1. Because they won’t indict a cop for choking someone to death on camera, I fail to see how body cams will make a difference.
            We’ll just see more videos of cops killing people, and nothing else will happen.

            1. We’ll just see more videos of cops killing people

              More likely you’ll see an inordinate amount of “equipment failure” at really, really convenient moments.

            2. As I said – they will help a bit.

              And experience in Rialto CA says they do help.

              But Rialto’s randomised controlled study has seized attention because it offers scientific ? and encouraging ? findings: after cameras were introduced in February 2012, public complaints against officers plunged 88% compared with the previous 12 months. Officers’ use of force fell by 60%.

              1. My guess is that this is caused by that annoyance of being investigated for anything rather than it just being swept aside. If there is video you have to at least go through the motions of pretending to care before letting the officer off of the hook. With no video there is no reason to pretend.

            3. Because they won’t indict a cop for choking someone to death on camera, I fail to see how body cams will make a difference.

              While this incident does show body cams don’t solve all problems, this doesn’t mean it will happen 100% of the time. It’s hard to believe all grand juries in all situations in all places would fail to indict a cop who did something similar as in this case with the same evidence. In some cases body cams will surely help, and in other cases they apparently won’t.

              At least the body cams show what really happened, and if there are injustices the whole country can know about it so people might be more receptive to possible solutions to police brutality.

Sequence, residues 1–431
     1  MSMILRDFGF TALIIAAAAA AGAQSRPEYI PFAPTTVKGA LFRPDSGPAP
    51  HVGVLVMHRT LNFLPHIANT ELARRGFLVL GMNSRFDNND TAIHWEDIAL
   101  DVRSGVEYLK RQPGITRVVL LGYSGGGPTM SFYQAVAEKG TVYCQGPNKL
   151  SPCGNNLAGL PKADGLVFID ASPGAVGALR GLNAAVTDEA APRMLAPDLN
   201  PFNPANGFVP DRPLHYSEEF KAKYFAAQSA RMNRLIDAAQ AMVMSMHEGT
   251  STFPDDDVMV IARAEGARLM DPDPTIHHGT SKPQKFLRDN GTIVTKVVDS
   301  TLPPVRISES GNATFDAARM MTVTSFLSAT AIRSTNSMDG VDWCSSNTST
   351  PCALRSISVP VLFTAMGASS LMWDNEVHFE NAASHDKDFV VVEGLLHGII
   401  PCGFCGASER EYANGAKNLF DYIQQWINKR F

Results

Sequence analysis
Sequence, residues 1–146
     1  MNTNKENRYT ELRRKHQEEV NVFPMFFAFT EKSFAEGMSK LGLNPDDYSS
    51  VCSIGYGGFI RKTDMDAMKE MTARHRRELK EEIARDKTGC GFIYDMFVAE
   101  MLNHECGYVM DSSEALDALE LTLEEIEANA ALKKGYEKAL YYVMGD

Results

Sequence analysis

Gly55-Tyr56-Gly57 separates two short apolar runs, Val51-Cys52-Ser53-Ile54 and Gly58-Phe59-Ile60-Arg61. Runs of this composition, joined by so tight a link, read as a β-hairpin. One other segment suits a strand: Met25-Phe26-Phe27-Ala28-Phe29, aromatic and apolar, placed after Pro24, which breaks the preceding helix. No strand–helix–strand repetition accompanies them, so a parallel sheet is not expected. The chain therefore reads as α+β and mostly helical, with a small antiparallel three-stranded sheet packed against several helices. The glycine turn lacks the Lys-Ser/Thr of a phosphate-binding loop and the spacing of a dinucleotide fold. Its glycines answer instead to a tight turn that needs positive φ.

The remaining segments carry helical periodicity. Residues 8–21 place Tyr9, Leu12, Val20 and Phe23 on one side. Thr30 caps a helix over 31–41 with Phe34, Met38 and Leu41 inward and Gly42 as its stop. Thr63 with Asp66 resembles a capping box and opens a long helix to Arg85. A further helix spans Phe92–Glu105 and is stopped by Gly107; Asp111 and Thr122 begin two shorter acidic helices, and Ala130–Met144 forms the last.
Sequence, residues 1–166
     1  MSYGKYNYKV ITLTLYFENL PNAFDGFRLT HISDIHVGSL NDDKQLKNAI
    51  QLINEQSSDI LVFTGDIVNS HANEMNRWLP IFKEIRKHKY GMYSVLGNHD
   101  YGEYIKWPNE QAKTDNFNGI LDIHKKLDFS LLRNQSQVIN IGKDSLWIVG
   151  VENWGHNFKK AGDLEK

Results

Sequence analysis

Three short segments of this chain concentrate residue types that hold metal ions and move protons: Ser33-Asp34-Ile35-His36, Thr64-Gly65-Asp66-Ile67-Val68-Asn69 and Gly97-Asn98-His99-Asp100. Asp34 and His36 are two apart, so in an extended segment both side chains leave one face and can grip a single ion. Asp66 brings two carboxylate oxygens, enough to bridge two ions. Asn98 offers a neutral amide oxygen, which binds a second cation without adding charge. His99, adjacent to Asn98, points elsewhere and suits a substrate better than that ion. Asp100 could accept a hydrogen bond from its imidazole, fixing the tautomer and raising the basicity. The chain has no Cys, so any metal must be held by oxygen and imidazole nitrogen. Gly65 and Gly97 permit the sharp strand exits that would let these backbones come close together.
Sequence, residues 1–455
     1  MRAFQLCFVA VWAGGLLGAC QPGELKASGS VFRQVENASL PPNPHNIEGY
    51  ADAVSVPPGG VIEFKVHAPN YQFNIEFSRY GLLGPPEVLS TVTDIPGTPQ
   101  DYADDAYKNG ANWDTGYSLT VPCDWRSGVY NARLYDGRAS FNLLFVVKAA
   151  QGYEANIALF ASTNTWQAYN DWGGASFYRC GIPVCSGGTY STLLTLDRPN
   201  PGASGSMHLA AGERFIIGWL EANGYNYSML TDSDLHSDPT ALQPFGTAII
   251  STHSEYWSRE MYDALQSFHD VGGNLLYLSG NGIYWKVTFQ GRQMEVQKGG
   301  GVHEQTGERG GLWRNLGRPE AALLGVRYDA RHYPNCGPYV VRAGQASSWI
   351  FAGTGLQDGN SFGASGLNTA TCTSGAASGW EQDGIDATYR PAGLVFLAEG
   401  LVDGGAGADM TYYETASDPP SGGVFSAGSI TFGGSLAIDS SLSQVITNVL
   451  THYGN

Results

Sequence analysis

2. We could ask Serpico.

  8. when police suspect criminal behavior on the part of youth because the youth is black and then act on those suspicions

    This may not be the best case to demonstrate that. The initial encounter with Brown and Wilson resulted from the youth in question committing the (obviously very very minor) offense of jaywalking, and he had, in point of fact, just committed a much more serious crime only a short while prior. Kinda reminds me of that retarded scene in Crash (not a short list by any means).

    1. Excuse me. Crash won the Oscar for Best Picture. Clearly it was the best picture of the year.

      /sarc

    2. I think the most pertinant crime Brown committed to this case was the felony assault of a police officer.

  9. “In Ferguson, the law enforcement case is far more straightforward than the racial complexities. A white cop put 10 bullets into the body of an unarmed black youth with whom he was wrestling for control of his gun. The cop succeeded in wresting the gun from the youth and then proceeded to kill him. Once the cop had control of the gun and the youth had been immobilized, all additional gun firing is criminal. That the youth was the aggressor does not diminish the cop’s obvious criminal overuse of deadly force.”

    Is it established that the cop riddled Brown’s body with bullets after he was incapacitated? Or am I misreading it and it means that it WOULD be criminal if this were the case.

    Everything I have read makes it seem like the ‘kill shot’ was late in the firings if not at the end. Not to mention that many suggest that it is pretty easy to empty a mag in a gunfight (although I am not sure this counts as a gun fight with only one gun). It doesn’t go first round, pause to check if that worked, second round…

    1. I had the same thought.

      Reading through the evidence presented to the Grand Jury, Witness 10 gave written testimony that Brown was charging the officer and that the shooting stopped when he went down.

      I normally agree with the judge but find the quoted paragraph troubling in asserting that the officer continued shooting after Brown was stopped.

      This does not seem to be the case.

      1. To add:

        Judge Napalitano asserts again that the officer must be guilty of homicide or murder….